Dr. Strangelove showed me, I suppose taught me, a lot about comedy. The stuff that’s funniest is the stuff that scares us most — because all good comedy comes out of fear of death, fear of humiliation, fear of public awkwardness, fear of, you know, all those kinds of things. To have truly, really dark comedy where at the end of the film everyone in the world dies, that was very funny to me. I went to the Kubrick exhibition and there was this whole section on how originally the film had ended with a gigantic pie fight, and it was cut; but in a way I get what that might have been going for — the fact that it is all so ridiculous.

Little Miss Sunshine (Jonathan Dayton and Valerie Faris, 2006; 91% Tomatometer)



Little Miss Sunshine: I find it to be the sweetest, funniest… it’s a modern classic, I think. And I think Steve Carell is brilliant in it; heartbreaking. Also the fact that it came out of nowhere — that I went to the cinema knowing nothing about it.

Jason and the Argonauts (Don Chaffey, 1963; 96% Tomatometer)



The fifth, because it is the film of my childhood, and I still think the skeleton sequence is one of the scariest effects sequences ever, is Jason and the Argonauts. That is the film that, within the first six months of a relationship of any girl that I’m with, I have to make her watch that film — and if she doesn’t react the way I’d like, then that’s kind of a deal-breaker. If you don’t like Harryhausen’s stop-motion then you are not going to be in my life. [Laughs]

Has it ever come to that?

No, fortunately not. Fortunately I think that they all picked up that the stakes were quite high — so at least they pretended to like it.

Really, what kind of awful person wouldn’t like it?

You really have to kind of just have a heart of stone to not be able to get into that film, ’cause it’s just brilliant. You know the other film I like? The Vikings, that Tony Curtis-Kirk Douglas one. It’s really good, just because it’s… well, it’s Vikings; but I think Ernest Borgnine plays, like, Ragnar, the king of the Vikings, and it’s a hysterical film — ’cause made in the ’50s, and there are these shots where they’re panning down the rows of Vikings and they’ve all got horned helmets and scraggly hair, and then you get to Tony Curtis and Kirk Douglas who’re just perfectly coiffed, beautiful men still. [Laughs]


The Woman in Black opens in theaters this week.

Tag Cloud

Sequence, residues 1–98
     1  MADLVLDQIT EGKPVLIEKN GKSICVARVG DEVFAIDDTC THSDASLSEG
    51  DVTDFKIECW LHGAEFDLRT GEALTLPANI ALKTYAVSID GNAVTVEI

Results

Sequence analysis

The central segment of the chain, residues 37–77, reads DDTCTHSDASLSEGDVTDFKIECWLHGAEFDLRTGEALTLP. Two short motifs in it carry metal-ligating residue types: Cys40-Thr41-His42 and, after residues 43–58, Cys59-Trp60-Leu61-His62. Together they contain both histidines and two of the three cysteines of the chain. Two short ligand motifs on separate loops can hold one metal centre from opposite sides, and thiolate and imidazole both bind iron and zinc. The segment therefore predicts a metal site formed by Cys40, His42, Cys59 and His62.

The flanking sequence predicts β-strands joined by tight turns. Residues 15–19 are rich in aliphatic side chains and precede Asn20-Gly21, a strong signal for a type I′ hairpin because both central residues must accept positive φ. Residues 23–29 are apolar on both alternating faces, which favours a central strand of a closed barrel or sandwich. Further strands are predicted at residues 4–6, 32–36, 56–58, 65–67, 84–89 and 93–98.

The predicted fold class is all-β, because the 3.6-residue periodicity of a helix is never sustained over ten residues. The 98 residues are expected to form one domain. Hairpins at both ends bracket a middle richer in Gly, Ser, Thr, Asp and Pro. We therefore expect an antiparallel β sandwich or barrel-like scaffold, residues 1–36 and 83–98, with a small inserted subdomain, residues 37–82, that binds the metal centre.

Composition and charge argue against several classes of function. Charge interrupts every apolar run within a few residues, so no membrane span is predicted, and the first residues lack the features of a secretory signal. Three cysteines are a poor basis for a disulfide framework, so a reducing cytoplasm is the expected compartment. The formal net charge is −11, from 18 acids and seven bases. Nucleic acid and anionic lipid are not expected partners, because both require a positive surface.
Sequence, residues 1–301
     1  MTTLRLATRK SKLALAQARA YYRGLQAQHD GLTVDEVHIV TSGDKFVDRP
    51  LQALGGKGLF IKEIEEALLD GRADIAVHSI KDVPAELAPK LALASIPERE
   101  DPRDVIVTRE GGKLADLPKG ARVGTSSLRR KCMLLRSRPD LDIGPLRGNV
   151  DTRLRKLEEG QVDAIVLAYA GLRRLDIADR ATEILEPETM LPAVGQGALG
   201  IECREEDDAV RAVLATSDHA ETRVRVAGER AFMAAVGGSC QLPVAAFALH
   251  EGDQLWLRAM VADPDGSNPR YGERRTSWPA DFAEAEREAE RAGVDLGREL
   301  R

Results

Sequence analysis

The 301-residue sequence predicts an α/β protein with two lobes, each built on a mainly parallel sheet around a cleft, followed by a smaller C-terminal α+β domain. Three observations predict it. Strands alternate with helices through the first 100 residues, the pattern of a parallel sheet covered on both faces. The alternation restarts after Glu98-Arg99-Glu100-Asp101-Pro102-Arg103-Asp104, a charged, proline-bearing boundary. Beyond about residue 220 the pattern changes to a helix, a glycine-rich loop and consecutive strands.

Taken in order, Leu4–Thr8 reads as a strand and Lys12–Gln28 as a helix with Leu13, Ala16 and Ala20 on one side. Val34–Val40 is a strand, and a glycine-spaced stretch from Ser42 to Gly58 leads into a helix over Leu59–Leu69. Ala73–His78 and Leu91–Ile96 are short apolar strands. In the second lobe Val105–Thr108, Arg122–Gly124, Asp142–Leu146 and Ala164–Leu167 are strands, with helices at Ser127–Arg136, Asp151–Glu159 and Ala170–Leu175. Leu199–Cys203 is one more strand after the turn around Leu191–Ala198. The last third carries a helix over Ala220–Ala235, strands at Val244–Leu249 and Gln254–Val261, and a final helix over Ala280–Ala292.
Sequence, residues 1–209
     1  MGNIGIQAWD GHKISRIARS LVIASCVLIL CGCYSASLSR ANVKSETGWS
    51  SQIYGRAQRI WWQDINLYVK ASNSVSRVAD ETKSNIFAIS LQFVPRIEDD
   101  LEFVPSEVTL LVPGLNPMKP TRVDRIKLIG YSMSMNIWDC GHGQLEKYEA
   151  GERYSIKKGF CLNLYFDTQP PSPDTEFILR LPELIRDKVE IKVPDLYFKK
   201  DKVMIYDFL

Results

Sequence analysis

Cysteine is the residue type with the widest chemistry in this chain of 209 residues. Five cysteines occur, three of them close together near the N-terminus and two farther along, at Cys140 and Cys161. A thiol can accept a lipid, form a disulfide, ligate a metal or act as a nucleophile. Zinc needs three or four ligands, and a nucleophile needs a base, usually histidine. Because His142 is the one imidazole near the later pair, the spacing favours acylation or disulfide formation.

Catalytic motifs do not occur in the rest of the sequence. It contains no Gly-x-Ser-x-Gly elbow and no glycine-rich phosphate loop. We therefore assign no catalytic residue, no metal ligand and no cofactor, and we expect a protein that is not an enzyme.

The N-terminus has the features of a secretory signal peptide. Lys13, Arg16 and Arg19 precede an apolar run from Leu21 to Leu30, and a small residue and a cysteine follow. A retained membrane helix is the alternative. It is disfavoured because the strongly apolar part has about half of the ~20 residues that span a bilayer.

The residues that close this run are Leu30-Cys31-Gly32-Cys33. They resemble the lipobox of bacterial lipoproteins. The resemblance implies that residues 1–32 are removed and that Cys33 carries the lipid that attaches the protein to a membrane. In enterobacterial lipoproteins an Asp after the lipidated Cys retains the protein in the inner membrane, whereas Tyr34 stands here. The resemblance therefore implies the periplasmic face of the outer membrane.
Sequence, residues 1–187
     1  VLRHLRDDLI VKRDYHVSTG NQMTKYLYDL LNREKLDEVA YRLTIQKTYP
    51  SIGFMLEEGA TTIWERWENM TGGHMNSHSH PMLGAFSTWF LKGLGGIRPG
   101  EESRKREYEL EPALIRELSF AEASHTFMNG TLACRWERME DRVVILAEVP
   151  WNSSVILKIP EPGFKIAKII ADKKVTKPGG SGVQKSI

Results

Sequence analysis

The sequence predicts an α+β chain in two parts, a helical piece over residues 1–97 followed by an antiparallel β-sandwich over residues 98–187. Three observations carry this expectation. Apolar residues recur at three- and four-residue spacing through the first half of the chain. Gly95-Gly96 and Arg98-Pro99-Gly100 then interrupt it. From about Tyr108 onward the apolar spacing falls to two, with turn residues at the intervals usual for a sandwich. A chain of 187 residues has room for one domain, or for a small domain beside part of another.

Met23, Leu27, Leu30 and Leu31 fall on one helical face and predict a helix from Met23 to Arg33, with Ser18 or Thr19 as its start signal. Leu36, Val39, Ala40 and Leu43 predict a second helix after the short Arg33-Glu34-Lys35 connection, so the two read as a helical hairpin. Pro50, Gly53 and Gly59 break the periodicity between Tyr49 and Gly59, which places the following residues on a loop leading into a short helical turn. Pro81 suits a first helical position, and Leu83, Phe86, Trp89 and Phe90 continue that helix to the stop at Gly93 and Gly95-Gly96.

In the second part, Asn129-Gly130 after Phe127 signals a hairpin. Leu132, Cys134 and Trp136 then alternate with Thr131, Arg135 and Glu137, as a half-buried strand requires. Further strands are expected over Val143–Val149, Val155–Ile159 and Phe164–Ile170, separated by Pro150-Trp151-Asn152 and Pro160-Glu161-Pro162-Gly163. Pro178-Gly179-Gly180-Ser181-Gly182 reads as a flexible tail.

japanese Tokyo Olympics Animation Biopics monster movies OneApp Summer streaming movies high school BET 2018 Binge Guide Pet Sematary Interview werewolf ID slashers Premiere Dates facebook comiccon saw dragons ABC Family canceled TV shows nbcuniversal witnail FX on Hulu canceled Neflix 007 Pirates Pixar Legendary Rocketman E! satire vs. Year in Review doctor who what to watch Country international strong female leads comics Netflix streaming Image Comics Hallmark 1990s MSNBC LGBTQ Fargo E3 CW Seed superhero target game show Pride Month hollywood Set visit australia adventure Anna Paquin italian Warner Bros. documentaries Thanksgiving Star Trek VICE hist APB ITV Paramount Plus Britbox historical drama MTV HBO Go Netflix Christmas movies christmas movies SundanceTV Box Office Hallmark Christmas movies GIFs a nightmare on elm street Syfy USA Network cults Mystery IFC Films comic book movies discovery free movies YouTube independent Disney Plus Ellie Kemper Wes Anderson Tomatazos diversity Discovery Channel Mary poppins crime boxoffice Super Bowl RT History batman women screen actors guild movies nature razzies PBS Food Network nfl TCA cinemax sequel The Arrangement Brie Larson Ghostbusters scene in color series spain Trivia Avengers Tumblr SXSW Nickelodeon Certified Fresh Best and Worst binge true crime superman live event ratings Superheroes crime thriller OWN TruTV Alien Bravo Lionsgate Black History Month fast and furious First Look Vudu Columbia Pictures Spring TV technology Instagram Live BBC America space chucky Peacock rom-coms critic resources biography Adult Swim live action docudrama 2021 best sag awards Tarantino political drama vampires ABC Signature Classic Film Hollywood Foreign Press Association Chernobyl Ovation Sundance TV social media Television Critics Association Cartoon Network Horror scary movies Turner Classic Movies DirecTV police drama Drama Mary Poppins Returns child's play ABC Winners TCA Awards transformers Toys Music Cosplay Showtime Rock Kids & Family DGA fresh TCM Lucasfilm Apple TV+ kaiju Holiday Pop TV Hear Us Out Rom-Com WarnerMedia ghosts Comics on TV IFC movie slasher TBS spider-verse critics black comedy Amazon VOD 90s NBA miniseries leaderboard casting comic Lifetime Christmas movies Fantasy rt archives romance toronto zombie Tubi 4/20 DC streaming service halloween Trophy Talk hidden camera know your critic halloween tv asian-american kids dreamworks GLAAD Travel Channel PlayStation Film AMC Plus NBC Video Games mob 2020 quibi A24 20th Century Fox video on demand spinoff TNT Captain marvel TLC venice tv talk award winner MCU king arthur Television Academy talk show Marvel rotten french DC Universe Stephen King biopic Sundance Heroines anthology The Purge 2016 genre SDCC 79th Golden Globes Awards Disney anime Marvel Television RT21 Holidays Logo Sony Pictures FOX LGBT telelvision singing competition Pacific Islander GoT Oscars New York Comic Con cancelled television debate comic books Creative Arts Emmys children's TV TV Winter TV Fox News cops Infographic art house Teen Calendar wonder woman lord of the rings TV Land psychological thriller posters rotten movies we love The Walking Dead Women's History Month Martial Arts Apple TV Plus Paramount Network serial killer mission: impossible Amazon Studios festival franchise Marathons Sundance Now The Walt Disney Company unscripted The CW popular National Geographic football rt labs critics edition Writers Guild of America new star wars movies 45 name the review Arrowverse south america spider-man king kong sopranos Masterpiece BET Awards FXX obituary cancelled royal family Spectrum Originals Academy Awards crime drama indie Epix Walt Disney Pictures DC Comics Podcast Western Hulu 78th Annual Golden Globe Awards robots 93rd Oscars zombies 21st Century Fox Prime Video YA stoner video richard e. Grant pirates of the caribbean AMC TCA Winter 2020 Countdown sequels latino Comic-Con@Home 2021 young adult Tags: Comedy BAFTA cats First Reviews cartoon theme song Starz emmy awards Song of Ice and Fire harry potter disaster james bond marvel comics Election revenge laika 2019 period drama natural history Amazon Prime Video mutant dark supernatural The Academy ViacomCBS 72 Emmy Awards CBS HBO Max 71st Emmy Awards black medical drama finale 2015 foreign IMDb TV concert dramedy mockumentary VH1 dceu YouTube Red Character Guide politics Watching Series adenture remakes Mindy Kaling Comedy Central reviews sitcom Apple TV renewals History FX Disney+ Disney Plus science fiction Emmy Nominations Nat Geo Acorn TV CBS All Access worst YouTube Premium Broadway 99% cancelled TV shows animated dexter comedies classics stop motion based on movie Shudder spy thriller Schedule new york X-Men spanish Comic Book Universal Pictures Reality Competition BBC golden globe awards cooking crossover WGN San Diego Comic-Con Awards HBO book cancelled TV series new zealand NYCC universal monsters hispanic heritage month 73rd Emmy Awards joker Mary Tyler Moore trophy dogs Disney streaming service Disney Channel toy story zero dark thirty composers renewed TV shows Reality HFPA jurassic park Endgame adaptation Musicals twilight Extras breaking bad See It Skip It basketball aliens 24 frames American Society of Cinematographers 2017 comic book movie aapi dc TV movies Polls and Games Esquire PaleyFest Paramount Dark Horse Comics Funimation Star Wars Unbreakable Kimmy Schmidt elevated horror docuseries reboot travel rt labs feel good spanish language gangster scary Black Mirror Universal Marvel Studios Shondaland Christmas indiana jones Crunchyroll Emmys trailers The Witch films boxing Lifetime criterion Turner news Amazon Prime all-time kong sports psycho Cannes Musical prank Action blockbuster Comedy green book olympics Exclusive Video television ESPN book adaptation Awards Tour blockbusters Photos suspense TV One Pop marvel cinematic universe parents TCA 2017 blaxploitation Baby Yoda Freeform worst movies screenings President BBC One Chilling Adventures of Sabrina cars deadpool USA Nominations teaser Crackle Superheroe Opinion festivals directors mcc scorecard Valentine's Day hispanic game of thrones A&E Elton John Family Red Carpet versus Fall TV stand-up comedy CNN archives golden globes godzilla japan Spike Film Festival action-comedy Trailer TIFF Fox Searchlight thriller Sneak Peek Rocky war heist movie CMT legend Sci-Fi justice league Grammys jamie lee curtis Quiz romantic comedy documentary El Rey Mudbound die hard